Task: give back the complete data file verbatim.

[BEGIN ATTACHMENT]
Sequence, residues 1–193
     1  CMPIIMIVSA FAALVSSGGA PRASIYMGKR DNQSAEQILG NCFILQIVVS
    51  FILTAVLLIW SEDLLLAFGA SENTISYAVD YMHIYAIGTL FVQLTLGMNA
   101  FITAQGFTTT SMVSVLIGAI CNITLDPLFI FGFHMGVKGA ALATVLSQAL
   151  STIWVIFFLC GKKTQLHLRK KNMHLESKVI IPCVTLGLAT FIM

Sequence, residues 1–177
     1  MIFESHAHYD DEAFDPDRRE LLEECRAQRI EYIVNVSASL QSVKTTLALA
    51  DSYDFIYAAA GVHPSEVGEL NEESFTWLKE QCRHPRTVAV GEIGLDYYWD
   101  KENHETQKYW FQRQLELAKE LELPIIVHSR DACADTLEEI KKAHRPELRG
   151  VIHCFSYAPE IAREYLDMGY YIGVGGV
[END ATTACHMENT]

Sequence, residues 1–193
     1  CMPIIMIVSA FAALVSSGGA PRASIYMGKR DNQSAEQILG NCFILQIVVS
    51  FILTAVLLIW SEDLLLAFGA SENTISYAVD YMHIYAIGTL FVQLTLGMNA
   101  FITAQGFTTT SMVSVLIGAI CNITLDPLFI FGFHMGVKGA ALATVLSQAL
   151  STIWVIFFLC GKKTQLHLRK KNMHLESKVI IPCVTLGLAT FIM

Sequence, residues 1–177
     1  MIFESHAHYD DEAFDPDRRE LLEECRAQRI EYIVNVSASL QSVKTTLALA
    51  DSYDFIYAAA GVHPSEVGEL NEESFTWLKE QCRHPRTVAV GEIGLDYYWD
   101  KENHETQKYW FQRQLELAKE LELPIIVHSR DACADTLEEI KKAHRPELRG
   151  VIHCFSYAPE IAREYLDMGY YIGVGGV